23.2.2021 | taxThe most important budget for decades – a few predictions
Beatons’ Andrew Diver looks at some of the rumours and whispers surrounding next months budget.
It can be difficult making predictions on upcoming budgets – but this year is harder than ever.
With the news we will slowly be coming out of lockdown over the next few months, businesses are eager to discover the Chancellor’s plan to pay for the pandemic.
It will be a balancing act, recouping some of the expenditure while giving businesses the chance to open stronger than ever.
And with the end of the furlough scheme possibly being extended past April, employees seek clarity on what the future holds.
Here, Andrew Diver, head of taxation at Beatons Group, looks at some of the rumours and whispers surrounding March’s budget.
Capital Gains Tax
There is a lot of speculation whirling around capital gains tax (CGT).
It was the subject of a review by the Office of Tax Simplification recently, which came up with 11 recommendations to how it should be reformed.
It is likely CGT could be used as a source of tax revenue by the Chancellor as it is expected to affect the wealthiest in society and is unlikely to create a drag on the economy’s recovery.
At the moment, the capital gains tax rates are significantly lower than the income tax rates.
Expect these differences to be reduced and the capital gains tax annual exemption frozen at the least, but potentially halved.
Rumours abound about a proposed increase in corporation tax as the UK has one of the lowest rates in the G7 at 19%.
However, coming out of Brexit, the government will be keen to attract business to the UK, so the Chancellor may think this is not the best time for a rise. There are whispers of a series of 1% annual increases over the next four years to a high of 23%.
Before the pandemic hit, the government sought to reduce income tax rates, or at least increase the personal allowance and higher tax threshold. However, this now looks not to happen.
I do not see the government bringing any direct tax rises in terms of rate increases, but rates will not rise with inflation which would raise around an extra £1billion a year.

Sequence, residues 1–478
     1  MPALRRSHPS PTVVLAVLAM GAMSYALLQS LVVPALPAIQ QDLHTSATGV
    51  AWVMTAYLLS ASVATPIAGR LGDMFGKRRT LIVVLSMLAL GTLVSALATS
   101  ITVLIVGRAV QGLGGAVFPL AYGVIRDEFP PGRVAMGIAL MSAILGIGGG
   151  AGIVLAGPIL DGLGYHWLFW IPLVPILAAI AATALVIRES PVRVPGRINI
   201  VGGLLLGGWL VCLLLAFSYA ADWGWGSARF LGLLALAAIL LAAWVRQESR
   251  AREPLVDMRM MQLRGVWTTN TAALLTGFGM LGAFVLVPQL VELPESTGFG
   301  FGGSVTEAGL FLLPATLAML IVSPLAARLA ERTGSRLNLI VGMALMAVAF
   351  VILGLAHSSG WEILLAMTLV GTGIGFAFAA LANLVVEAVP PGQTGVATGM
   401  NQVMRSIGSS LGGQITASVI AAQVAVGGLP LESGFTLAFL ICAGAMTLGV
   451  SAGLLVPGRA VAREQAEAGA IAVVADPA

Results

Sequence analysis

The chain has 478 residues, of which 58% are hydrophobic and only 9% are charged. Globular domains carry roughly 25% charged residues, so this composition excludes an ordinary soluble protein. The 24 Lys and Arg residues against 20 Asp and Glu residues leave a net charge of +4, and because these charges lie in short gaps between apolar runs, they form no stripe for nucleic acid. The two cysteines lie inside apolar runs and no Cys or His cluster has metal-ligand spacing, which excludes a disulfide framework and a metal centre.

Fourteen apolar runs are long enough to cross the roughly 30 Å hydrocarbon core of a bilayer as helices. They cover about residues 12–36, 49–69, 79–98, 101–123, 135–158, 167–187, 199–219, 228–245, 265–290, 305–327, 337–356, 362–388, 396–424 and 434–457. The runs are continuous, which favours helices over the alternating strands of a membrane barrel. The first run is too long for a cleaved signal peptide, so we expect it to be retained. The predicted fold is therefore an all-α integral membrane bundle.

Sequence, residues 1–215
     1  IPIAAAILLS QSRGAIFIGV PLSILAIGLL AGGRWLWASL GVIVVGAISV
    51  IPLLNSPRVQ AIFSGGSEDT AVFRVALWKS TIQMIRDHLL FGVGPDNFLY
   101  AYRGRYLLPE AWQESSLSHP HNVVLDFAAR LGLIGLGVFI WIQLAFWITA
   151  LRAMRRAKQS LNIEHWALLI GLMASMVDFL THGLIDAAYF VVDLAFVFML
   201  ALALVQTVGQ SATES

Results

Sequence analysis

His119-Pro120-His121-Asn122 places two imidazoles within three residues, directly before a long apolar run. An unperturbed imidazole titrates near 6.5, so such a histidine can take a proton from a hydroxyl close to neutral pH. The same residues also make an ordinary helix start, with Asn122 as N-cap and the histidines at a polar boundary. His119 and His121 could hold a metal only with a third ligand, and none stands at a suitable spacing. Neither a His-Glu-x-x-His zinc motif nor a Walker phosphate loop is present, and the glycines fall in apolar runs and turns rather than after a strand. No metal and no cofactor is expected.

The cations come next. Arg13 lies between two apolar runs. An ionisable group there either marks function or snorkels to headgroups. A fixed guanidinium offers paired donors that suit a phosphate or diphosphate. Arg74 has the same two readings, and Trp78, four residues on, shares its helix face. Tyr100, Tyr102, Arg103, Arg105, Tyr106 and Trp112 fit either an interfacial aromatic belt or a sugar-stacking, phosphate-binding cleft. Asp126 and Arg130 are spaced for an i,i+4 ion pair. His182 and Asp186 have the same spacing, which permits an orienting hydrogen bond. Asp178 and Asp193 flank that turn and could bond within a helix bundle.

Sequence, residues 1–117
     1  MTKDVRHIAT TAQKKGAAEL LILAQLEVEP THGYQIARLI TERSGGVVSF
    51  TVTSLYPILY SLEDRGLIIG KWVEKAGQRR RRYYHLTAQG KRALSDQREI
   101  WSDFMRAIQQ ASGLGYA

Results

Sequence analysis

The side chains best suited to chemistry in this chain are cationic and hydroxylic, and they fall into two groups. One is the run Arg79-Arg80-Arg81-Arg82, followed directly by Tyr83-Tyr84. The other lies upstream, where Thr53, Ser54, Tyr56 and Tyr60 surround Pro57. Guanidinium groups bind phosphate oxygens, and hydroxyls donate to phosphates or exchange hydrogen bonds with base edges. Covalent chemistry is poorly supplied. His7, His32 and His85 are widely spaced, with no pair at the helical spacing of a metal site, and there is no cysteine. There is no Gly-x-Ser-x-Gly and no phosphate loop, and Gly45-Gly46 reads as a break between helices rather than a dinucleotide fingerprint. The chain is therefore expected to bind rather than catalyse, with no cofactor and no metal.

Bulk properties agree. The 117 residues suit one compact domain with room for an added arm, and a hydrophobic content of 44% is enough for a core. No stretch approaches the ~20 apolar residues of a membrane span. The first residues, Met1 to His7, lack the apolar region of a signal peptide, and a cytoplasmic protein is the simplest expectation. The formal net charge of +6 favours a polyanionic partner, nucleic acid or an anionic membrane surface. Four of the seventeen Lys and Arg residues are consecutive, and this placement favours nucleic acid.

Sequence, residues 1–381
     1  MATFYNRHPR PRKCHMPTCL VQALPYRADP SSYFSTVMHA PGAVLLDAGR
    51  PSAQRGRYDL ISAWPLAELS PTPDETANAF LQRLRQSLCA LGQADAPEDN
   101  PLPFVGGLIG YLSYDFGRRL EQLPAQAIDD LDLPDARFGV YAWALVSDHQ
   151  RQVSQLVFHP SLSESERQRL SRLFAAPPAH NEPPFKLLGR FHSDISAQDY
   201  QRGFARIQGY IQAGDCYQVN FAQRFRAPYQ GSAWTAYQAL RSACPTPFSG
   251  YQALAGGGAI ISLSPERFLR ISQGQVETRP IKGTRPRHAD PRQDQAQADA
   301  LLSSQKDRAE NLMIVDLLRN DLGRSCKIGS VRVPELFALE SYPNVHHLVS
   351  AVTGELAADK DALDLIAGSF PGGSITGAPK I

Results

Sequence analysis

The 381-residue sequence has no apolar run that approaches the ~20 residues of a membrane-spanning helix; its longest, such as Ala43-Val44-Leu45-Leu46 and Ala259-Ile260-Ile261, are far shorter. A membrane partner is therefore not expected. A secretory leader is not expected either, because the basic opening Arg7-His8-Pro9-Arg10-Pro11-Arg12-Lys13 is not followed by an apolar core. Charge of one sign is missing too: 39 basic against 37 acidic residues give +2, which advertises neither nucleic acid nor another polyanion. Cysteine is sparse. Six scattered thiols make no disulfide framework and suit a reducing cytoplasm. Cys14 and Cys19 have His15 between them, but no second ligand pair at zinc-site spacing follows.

Fuel duty has been frozen for many years, but there are distinct rumours that fuel duty will rise again at this budget – fitting in with the green drive from Rishi Sunak to reshape the economy.
Fuel duty brings inflationary impact to almost all aspects of business as any goods that require transportation will have increased costs due to the fuel duty increase.
We may see specific initiatives launched to help those hit hardest by lockdown restrictions, as well as others to kick start the economy.
I could see a scheme involving the hospitality sector being introduced – although I do not anticipate another Eat Out to Help Out as this was only thought to be around 5% effective in stimulating activity. The extension to the reduced rate VAT for the hospitality sector should also be continued until the sector can trade free of restrictions.
We could also see a reinforcement to the Kickstart Scheme supporting new apprenticeship and self-employment incentives to give some encouragement for those who lost their jobs to launch their own businesses.
The next budget is always the most important, but this one certainly is the most important for years; the first post Brexit, dealing with significant unemployment and a changing economic landscape.
The balance between encouraging the economy’s growth and tax revenue generation is more finely balanced than ever. It is hard to say exactly what we will see – what I can be sure of, however, is I will be watching the announcement with bated breath.
For more information on Beatons Group, visit beatons.co.uk